By Serena Mao
Forget poverty, unemployment, or climate change––the youth of America today are obsessed with getting into college. From maintaining that 4.0 GPA to becoming president of countless clubs, the list is endless. Knowing that colleges want people who are committed, successful, and good-hearted, high-schoolers strive to fit themselves in an seemingly impossible mold. They take advanced AP classes, attend meetings for any club they’re subtly interested in, and self study for even more tests. Rather than a natural path towards the future, the college system seems like a elaborate game we are must understand and strategically play.
It’s never so simple, however. What’s increasingly showing up is the tendency for people to participate in activities “just for college.” Traditionally, students join clubs they enjoy and enter competitions in subjects they’re interested in. But as colleges accept more and more widely talented people, students feel the pressure to attempt things they aren’t interested in, purely for improving their college prospects. Some like to immerse themselves in this culture, grabbing every opportunity to showcase talents that may or may not be there.
However, others take an opposing stance. They take a step back, arguing that it doesn’t seem right to do things “just for college.” Realizing that colleges want good hearted people, they find it upsetting that those participating in activities just for the material benefit of getting in a college shouldn’t be considered as “good hearted” just because their resume said they participated in some service activity. Instead, they think doing things that they naturally enjoy is the moral way to approach the application process.
But it isn’t that straightforward. The system isn’t as problematic as it seems, but it’s still very difficult to determine at what point it becomes flawed. Let’s take a student go-getter who jumps at every opportunity in a service club to organize or attend events, because she thinks it helps her get into a good college. Yes, she did it only for college, and she didn’t really care. People might hate her for that. But what was genuine was the impact. The homeless in the soup kitchen, they got the food they desperately needed. The march she organized, it raised essential awareness over significant issues. She made a positive impact, and in that way, the college system is what motivated her to do so.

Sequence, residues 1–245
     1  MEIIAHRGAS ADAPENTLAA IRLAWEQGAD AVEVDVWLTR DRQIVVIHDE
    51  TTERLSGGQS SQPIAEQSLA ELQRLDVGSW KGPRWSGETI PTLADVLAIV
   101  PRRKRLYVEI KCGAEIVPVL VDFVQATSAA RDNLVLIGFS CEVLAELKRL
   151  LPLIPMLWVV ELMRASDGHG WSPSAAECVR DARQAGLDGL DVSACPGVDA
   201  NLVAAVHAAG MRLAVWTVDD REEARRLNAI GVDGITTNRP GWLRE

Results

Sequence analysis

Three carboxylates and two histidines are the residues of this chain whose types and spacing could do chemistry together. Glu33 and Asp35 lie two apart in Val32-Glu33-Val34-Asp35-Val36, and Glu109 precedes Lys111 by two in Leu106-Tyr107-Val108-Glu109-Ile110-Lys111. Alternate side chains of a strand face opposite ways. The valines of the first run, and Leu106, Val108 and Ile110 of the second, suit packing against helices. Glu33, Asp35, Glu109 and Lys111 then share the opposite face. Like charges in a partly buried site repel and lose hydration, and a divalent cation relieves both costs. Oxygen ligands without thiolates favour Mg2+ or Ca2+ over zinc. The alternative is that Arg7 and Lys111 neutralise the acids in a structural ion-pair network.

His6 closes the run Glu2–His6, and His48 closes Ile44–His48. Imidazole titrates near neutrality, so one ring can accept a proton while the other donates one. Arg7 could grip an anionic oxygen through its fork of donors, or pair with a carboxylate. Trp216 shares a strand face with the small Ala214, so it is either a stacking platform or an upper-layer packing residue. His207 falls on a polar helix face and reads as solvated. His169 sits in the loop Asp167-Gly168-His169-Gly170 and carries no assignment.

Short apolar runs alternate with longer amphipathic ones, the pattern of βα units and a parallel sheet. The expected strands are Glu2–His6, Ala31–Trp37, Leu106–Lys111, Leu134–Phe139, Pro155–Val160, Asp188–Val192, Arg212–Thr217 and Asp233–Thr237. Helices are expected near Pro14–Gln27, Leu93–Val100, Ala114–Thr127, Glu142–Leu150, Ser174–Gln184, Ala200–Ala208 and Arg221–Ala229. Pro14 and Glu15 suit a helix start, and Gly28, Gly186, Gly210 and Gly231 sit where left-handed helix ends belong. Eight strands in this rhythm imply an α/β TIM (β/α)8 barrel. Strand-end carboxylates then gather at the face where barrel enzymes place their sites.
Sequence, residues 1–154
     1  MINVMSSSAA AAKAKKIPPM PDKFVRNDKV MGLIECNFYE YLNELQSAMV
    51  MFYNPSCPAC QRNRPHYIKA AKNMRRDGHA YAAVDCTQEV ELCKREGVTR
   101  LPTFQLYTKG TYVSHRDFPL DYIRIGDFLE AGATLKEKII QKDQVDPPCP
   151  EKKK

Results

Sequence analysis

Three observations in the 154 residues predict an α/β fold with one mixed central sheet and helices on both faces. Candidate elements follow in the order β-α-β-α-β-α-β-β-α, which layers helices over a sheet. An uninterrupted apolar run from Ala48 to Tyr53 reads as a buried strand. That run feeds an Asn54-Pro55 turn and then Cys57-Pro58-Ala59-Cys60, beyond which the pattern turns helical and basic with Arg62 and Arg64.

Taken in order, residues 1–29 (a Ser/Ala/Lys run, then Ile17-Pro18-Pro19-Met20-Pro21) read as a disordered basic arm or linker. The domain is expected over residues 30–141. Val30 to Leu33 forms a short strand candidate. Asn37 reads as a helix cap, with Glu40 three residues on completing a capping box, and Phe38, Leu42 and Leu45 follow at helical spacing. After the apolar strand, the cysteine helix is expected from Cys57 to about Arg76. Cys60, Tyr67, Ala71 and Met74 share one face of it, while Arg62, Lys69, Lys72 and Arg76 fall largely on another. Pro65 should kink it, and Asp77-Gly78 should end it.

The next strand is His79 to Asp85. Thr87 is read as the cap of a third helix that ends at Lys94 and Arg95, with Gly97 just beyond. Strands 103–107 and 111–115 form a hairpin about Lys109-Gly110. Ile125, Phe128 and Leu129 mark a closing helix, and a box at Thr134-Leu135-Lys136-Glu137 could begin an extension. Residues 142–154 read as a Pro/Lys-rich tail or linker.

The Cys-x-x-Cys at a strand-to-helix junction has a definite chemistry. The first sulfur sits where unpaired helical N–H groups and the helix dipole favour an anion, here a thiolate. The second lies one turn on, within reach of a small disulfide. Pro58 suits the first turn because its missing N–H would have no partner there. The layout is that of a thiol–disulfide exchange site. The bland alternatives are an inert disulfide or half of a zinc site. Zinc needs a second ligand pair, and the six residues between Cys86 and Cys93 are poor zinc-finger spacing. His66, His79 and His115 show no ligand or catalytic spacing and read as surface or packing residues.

Yet what we still need to question is the deeper motivation. We shouldn’t measure the “good” of a person purely by the impact they bring. It’s important that the inner motive was to help others, and not for some self-centered benefit. But when college enters the room, this inner motivation totally changes. People are now doing “good” things or challenging themselves just for the goal of getting into a good school and achieving some sort of short term social validation, rather than doing it for the inherent selflessness of the action.
Despite how depressing this may seem, there is still a silver lining. For those who are inherently good hearted, it may feel natural to complete service tasks while simultaneously gaining the benefit of improving their college prospects. But for those that are not as fundamentally motivated to help others, the goal of acceptance may be one way to push them to make a positive impact. Without the system, these people may not have done much in the first place. By creating a new motivation with some material benefit to be good hearted or take risks and set high expectations, there is a chance that the inner motivation will become instilled permanently. Maybe after organizing dozens of service events or programming like crazy or studying till 3am for APs, people will find new interests that they may have never considered before. In this way, there still is a silver lining to the college culture.